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Welcome to VAA Dispatch
Veterans Association of America
Welcome to VAA Dispatch We are so excited to introduce you to our new VAA e-newsletter. You will receive a wide variety of information and news about current issues impacting veterans — all of the quality information you have come to expect from VAA. This new format will allow us to provide you with timely information from a variety of sources. Enjoy!
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Veterans fight changes to disability payments
The Associated Press via Logan Banner
Veterans groups are rallying to fight any proposal to change disability payments as the federal government attempts to address its long-term debt problem. They say they've sacrificed already.
Government benefits are adjusted according to inflation, and President Barack Obama has endorsed using a slightly different measure of inflation to calculate Social Security benefits. Benefits would still grow but at a slower rate.
White House closely following VA claims backlog problem
Stars and Stripes
Administration officials said they will consider a presidential commission to deal with the mounting veterans claims backlog, but said top officials from every federal agency are already working on the problem. Members of Iraq and Afghanistan Veterans of America delivered a 34,000-signature petition to the White House recently asking for a presidential commission to deal with the backlog issue.
Incentivizing employers to hire veterans through permanent tax credits
The White House Blog
With the Iraq War over and the war in Afghanistan drawing to a close, the Administration has undertaken an unprecedented effort to help our veterans and military spouses find employment and build their careers. Today, the overall unemployment rate for veterans remains below the national rate at 7.1 percent. But for veterans of the post-9/11 generation, many returning to the civilian workforce at a time when our economy, while making progress, is still healing from the Great Recession, too many American heroes are struggling to find work. This is a critical economic challenge that requires our long-term focus, especially as in the coming years more than one million service members will be hanging up their uniforms and transitioning back to civilian life.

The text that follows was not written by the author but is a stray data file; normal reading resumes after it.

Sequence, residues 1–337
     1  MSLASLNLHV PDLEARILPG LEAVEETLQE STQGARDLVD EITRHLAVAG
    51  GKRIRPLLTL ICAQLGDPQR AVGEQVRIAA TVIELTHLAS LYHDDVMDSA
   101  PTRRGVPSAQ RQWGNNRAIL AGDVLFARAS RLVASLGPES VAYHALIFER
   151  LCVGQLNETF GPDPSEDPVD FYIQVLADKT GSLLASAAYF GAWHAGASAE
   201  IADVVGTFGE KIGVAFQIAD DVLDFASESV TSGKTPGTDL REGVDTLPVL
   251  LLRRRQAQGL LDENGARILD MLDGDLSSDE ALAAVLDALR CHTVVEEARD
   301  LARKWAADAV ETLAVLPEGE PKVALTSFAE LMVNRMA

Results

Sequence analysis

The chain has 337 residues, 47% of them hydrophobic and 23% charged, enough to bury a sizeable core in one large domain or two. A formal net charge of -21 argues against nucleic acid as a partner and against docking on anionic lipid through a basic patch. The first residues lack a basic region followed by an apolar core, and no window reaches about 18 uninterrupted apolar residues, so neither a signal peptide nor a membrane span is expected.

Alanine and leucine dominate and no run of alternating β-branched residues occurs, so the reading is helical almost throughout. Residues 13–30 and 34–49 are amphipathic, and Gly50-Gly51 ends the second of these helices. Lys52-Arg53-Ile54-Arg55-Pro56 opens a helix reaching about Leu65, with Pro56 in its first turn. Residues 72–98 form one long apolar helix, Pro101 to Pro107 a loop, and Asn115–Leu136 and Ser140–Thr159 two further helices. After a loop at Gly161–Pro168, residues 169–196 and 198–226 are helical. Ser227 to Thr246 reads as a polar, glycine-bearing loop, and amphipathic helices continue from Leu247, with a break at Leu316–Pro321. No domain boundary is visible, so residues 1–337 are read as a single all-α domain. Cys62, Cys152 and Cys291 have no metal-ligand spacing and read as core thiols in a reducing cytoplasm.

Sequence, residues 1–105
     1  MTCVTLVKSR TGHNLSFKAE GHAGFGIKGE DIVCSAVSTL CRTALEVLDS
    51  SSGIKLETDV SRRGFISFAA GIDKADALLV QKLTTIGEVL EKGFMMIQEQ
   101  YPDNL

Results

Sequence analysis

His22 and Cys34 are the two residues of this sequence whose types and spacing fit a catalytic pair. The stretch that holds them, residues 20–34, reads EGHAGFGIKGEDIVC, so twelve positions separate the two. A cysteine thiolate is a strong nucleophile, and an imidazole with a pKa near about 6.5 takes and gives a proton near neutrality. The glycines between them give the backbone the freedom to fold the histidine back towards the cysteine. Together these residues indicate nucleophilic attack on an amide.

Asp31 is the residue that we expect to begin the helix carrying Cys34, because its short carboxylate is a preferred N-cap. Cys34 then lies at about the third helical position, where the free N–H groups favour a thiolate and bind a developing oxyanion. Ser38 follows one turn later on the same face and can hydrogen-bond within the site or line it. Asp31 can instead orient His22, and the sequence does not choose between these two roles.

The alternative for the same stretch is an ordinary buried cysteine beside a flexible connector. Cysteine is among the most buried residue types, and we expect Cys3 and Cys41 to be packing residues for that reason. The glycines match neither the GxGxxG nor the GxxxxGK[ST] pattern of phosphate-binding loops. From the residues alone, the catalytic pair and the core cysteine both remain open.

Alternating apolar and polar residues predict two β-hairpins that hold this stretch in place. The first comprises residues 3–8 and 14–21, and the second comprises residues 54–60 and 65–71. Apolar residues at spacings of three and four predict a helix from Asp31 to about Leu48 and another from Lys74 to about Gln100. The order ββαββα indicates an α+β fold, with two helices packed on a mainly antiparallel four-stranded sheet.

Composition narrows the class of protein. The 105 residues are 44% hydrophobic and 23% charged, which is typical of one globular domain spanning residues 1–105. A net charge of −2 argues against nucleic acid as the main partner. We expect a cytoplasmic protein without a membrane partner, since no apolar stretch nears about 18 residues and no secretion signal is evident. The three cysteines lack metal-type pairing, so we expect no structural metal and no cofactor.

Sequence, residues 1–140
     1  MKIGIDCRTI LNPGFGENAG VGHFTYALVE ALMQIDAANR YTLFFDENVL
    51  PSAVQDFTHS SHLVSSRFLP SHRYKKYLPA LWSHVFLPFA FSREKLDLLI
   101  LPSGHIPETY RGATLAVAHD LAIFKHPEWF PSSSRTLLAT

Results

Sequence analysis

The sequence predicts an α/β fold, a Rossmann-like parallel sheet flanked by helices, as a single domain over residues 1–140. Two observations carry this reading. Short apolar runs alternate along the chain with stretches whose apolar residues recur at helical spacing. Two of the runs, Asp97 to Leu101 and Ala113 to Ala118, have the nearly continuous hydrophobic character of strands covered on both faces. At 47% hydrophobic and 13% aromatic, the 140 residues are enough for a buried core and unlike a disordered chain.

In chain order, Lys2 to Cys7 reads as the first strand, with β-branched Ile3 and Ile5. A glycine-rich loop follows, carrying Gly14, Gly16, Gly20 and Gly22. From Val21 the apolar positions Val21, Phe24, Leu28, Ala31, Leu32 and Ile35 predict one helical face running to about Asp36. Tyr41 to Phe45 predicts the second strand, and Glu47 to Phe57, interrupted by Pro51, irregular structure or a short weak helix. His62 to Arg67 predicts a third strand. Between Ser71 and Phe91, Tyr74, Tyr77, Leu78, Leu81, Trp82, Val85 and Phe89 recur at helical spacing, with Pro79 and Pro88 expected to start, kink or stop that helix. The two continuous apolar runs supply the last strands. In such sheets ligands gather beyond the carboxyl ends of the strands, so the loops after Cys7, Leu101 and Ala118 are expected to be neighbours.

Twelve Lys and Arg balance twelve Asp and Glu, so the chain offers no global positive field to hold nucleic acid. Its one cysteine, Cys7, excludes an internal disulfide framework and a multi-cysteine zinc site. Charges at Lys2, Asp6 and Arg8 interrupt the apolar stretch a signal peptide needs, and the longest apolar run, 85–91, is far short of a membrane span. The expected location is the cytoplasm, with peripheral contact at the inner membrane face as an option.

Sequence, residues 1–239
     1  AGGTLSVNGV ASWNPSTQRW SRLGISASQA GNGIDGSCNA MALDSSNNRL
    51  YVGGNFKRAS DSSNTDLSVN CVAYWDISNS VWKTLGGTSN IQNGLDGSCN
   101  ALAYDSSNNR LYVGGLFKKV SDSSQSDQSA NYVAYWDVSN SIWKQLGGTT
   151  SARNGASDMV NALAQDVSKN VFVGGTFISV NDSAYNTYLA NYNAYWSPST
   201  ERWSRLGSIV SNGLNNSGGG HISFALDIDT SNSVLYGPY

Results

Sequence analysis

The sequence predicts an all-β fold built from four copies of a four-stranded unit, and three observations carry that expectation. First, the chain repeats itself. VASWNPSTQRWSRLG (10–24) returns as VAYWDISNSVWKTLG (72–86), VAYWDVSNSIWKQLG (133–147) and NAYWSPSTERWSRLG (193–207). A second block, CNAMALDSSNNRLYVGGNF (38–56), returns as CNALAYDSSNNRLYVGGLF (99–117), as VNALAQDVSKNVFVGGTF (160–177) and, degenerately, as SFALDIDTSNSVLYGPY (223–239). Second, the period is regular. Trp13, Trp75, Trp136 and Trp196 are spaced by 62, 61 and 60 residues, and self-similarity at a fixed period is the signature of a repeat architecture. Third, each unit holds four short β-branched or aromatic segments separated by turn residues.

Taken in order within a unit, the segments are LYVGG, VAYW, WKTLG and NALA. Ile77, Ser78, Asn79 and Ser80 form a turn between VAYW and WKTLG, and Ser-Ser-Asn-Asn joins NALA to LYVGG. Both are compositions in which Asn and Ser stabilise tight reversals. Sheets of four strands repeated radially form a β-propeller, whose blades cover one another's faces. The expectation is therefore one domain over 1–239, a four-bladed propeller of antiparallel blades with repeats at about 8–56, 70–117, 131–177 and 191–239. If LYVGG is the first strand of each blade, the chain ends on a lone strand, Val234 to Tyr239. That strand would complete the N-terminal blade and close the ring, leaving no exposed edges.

Veterans' programs are set for raise in spending plan
The New York Times
Facing growing criticism from Congress, veterans groups and even late-night television hosts, the Obama administration announced that it would include significant increases for veterans' programs, including money for mental health services, in the budget it soon unveils.
Veterans Affairs seeks budget increase in 2014 budget
The Veterans Affairs has seen its budget increase 41 percent since 2009 to $140 billion this year. Meanwhile, the pace of incoming disability claims has stayed ahead of VA's ability to process them. Concerned about nearly 600,000 veterans waiting months or years for disability checks, Obama administration officials recently lifted the veil on a corner of the president's upcoming 2014 budget, promising a hike in VA discretionary spending.
Special ops veterans' group calls for select probe of Benghazi attack
More than 700 Special Operations veterans are urging members of Congress to back a select committee to investigate 2012's Benghazi terrorist attack, according to a letter first obtained by Fox News.